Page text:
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Frazier v. Western Union Co.

United States District Court, D. Colorado

March 27, 2019

KAZMIERA FRAZIER, RHONDA LAUBLER, TERESA RIGGS, ANITA SEWARD, and KOALESHIA SIMON, individually and on behalf of all others similarly situated, Plaintiffs,
v.
THE WESTERN UNION COMPANY, WESTERN UNION FINANCIAL SERVICES, INC., HIKMET ERSEK, and VARIOUS “DOE” DEFENDANTS, including Western Union Officers, Directors, and Agents, Defendants.

          ORDER

          Kristen L. Mix United States Magistrate Judge.

         This matter is before the Court on Defendants' Motion to Stay Proceeding Pending Arbitration Pursuant to Section 3 of the Federal Arbitration Act [#33][1] (the “Motion”).[2] Thereafter, Defendants filed a Factual Supplement [#48], Plaintiffs filed a Response [#52] in opposition to the Motion [#33], and Defendants filed a Reply [#56]. The Court has reviewed the relevant briefs, the entire case file, and the applicable law, and is sufficiently advised in the premises. For the reasons set forth below, the Motion [#33] is GRANTED.

         I. Summary of the Case

          Plaintiffs initiated this putative class action against The Western Union Company (“Western Union”), Western Union Financial Services, Inc. (“WUFSI”), Western Union's Chief Executive Officer Hikmet Ersek (“Ersek”), and various other unnamed Doe Defendants (collectively, “Defendants”). Am. Compl. [#27] at 4. Plaintiffs assert claims under the Racketeer Influenced and Corrupt Organizations Act (“RICO”), the Colorado Organized Crime Control Act, and their respective state consumer protection laws.[3] Id. at 46-72. WUFSI, a subsidiary of Western Union, operates a “Money Transfer System” through which consumers send money to other individuals in the United States and around the world. Id. at 16. Each of the named Plaintiffs alleges that she was defrauded by an unnamed third-party fraudster who convinced her to send a fraudulent money transfer order. Id. at 5-6.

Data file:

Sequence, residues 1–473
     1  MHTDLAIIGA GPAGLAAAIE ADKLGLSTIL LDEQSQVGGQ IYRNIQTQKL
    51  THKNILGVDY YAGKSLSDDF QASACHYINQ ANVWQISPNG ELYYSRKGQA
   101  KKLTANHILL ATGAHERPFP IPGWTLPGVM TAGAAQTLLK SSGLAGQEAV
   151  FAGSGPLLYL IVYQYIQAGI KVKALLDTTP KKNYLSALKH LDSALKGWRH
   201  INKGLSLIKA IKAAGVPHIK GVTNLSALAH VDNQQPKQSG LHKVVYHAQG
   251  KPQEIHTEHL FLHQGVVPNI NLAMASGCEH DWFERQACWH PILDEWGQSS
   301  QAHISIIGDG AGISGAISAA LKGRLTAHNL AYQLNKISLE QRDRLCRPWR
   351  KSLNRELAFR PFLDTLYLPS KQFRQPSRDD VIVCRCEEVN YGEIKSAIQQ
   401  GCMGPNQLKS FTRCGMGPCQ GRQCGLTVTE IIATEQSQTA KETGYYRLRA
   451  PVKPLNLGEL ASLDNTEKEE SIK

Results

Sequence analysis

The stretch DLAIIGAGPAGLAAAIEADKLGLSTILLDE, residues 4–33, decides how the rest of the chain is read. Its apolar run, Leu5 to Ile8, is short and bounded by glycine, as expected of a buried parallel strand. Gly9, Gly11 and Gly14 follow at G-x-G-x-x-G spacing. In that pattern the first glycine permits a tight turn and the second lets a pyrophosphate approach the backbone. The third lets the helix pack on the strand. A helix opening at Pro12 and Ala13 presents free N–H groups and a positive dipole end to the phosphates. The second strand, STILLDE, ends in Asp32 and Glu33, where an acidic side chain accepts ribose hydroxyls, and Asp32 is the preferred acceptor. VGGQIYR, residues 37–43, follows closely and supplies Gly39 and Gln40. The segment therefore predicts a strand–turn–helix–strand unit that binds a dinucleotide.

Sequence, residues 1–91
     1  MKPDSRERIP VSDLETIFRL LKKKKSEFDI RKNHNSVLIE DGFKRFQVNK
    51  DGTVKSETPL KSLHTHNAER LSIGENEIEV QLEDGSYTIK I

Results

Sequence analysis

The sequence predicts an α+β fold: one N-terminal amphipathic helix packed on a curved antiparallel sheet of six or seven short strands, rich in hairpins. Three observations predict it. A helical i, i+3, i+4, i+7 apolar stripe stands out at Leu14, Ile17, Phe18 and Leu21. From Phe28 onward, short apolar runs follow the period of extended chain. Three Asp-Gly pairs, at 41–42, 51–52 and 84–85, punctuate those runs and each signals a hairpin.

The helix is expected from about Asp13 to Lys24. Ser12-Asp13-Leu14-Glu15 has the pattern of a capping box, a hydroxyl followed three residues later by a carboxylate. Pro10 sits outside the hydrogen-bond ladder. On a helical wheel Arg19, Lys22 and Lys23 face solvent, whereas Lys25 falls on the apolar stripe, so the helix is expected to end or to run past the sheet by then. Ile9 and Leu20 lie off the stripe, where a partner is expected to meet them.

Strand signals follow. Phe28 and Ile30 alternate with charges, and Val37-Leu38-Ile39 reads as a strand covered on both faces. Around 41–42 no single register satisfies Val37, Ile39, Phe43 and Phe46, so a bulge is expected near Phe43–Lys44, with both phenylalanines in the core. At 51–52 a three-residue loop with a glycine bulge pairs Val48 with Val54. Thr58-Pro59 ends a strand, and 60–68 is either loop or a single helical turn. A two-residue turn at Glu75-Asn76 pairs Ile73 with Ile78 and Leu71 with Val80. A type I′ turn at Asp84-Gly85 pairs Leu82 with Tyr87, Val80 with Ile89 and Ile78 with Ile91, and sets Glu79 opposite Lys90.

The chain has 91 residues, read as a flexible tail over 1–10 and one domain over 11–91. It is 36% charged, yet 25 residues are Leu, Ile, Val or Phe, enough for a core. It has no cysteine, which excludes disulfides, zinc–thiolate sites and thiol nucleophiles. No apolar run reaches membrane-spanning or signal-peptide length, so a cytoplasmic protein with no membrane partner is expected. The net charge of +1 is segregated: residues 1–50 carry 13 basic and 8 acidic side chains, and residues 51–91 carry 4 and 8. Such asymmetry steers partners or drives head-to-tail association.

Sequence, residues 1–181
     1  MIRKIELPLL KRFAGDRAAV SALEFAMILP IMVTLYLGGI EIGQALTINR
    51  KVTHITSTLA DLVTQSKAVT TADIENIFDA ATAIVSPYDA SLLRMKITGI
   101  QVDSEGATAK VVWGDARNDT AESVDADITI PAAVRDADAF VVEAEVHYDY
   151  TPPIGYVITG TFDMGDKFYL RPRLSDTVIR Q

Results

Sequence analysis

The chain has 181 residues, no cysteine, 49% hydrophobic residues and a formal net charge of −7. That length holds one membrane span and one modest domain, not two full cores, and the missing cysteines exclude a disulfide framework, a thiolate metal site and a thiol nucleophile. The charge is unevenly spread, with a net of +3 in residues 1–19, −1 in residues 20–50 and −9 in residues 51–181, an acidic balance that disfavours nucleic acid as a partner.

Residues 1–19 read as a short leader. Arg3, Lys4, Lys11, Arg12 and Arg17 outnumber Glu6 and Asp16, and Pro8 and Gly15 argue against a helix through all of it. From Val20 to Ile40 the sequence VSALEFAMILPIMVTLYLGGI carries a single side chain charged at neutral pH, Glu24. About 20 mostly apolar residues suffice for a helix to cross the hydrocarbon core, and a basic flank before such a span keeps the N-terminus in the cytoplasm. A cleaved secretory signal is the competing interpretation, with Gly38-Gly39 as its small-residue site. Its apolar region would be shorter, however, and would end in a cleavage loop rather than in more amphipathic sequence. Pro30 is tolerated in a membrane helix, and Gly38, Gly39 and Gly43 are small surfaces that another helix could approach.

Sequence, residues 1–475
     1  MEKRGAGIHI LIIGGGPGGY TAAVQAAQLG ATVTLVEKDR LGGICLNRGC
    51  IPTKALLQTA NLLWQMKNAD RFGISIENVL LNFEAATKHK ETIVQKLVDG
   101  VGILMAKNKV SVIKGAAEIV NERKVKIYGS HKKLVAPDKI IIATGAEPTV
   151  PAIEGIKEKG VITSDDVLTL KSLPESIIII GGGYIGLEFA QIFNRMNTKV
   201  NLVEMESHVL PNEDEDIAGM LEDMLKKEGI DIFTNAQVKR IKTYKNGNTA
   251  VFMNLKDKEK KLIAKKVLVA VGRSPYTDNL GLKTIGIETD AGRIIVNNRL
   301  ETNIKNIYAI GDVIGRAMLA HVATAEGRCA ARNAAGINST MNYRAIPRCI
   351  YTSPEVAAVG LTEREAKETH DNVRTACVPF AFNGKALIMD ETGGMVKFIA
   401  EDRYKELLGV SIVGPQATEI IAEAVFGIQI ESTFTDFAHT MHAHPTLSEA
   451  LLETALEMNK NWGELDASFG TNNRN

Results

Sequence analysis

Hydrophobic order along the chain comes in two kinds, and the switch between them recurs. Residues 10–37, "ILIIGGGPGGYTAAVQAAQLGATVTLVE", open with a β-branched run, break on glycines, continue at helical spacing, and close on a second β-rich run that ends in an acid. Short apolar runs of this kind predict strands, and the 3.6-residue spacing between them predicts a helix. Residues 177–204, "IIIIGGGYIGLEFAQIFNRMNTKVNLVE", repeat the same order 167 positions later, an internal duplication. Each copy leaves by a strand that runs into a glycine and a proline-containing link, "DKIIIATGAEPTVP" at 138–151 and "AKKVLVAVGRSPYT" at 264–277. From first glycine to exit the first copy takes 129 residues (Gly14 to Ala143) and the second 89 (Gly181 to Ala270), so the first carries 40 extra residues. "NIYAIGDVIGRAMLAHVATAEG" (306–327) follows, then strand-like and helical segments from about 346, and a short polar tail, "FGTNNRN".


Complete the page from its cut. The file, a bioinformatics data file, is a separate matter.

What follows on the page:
Money transfer orders sent through WUFSI are subject to a set of contractual terms and conditions (“Terms and Conditions”) located on a pre-printed Send Money Form. Motion [#33] at 10, 12-13. The Terms and Conditions in place at the time of each of the named Plaintiffs' alleged money transfers included arbitration clauses, requiring the parties to arbitrate any disputes individually, rather than on a class-wide basis (the “Arbitration Clauses”). Id. at 10-11. Defendants maintain that the Terms and Conditions are included in both the Send Money Form customers fill out to send money and on the receipts given to customers after sending money transfer orders. Id. at 12-13. Defendants also assert that before a customer can send money using a Send Money Form, WUFSI's standard business practices require the customer to sign the form, agreeing to the accompanying terms and conditions. Id. at 13. Once the information on the Send Money Form is verified by a Western Union clerk on location, the clerk then prints a receipt for the customer. Id. at 14. Like the Send Money Form, Defendants assert that WUFSI's standard business practices require the customer to sign the receipt. Id.

         At the relevant times of Plaintiffs' alleged fraudulently-induced money transfer orders, two separate Arbitration Clauses appeared in Defendants' Terms and Conditions. Id. at 11-12; Response [#52] at 10. One Arbitration Clause appeared in Send Money Form Terms and Conditions in 2005, and the other Arbitration Clause appeared in Send Money Form Terms and Conditions in 2016 and 2017. Motion [#33] at 11-12; Response [#52] at 10.

         Defendants seek a stay of this case while arbitration proceedings are held. Motion [#33] at 7. At issue in the instant motion is: (1) whether Plaintiffs are bound by the Arbitration Clauses in dispute, (2) whether Defendants Ersek, Western Union, and WUFSI respectively are bound by the Arbitration Clauses in dispute, (3) whether the two individual Arbitration Clauses in question are enforceable, and (4) whether Plaintiffs' RICO claims fall within the scope of the Arbitration Clauses.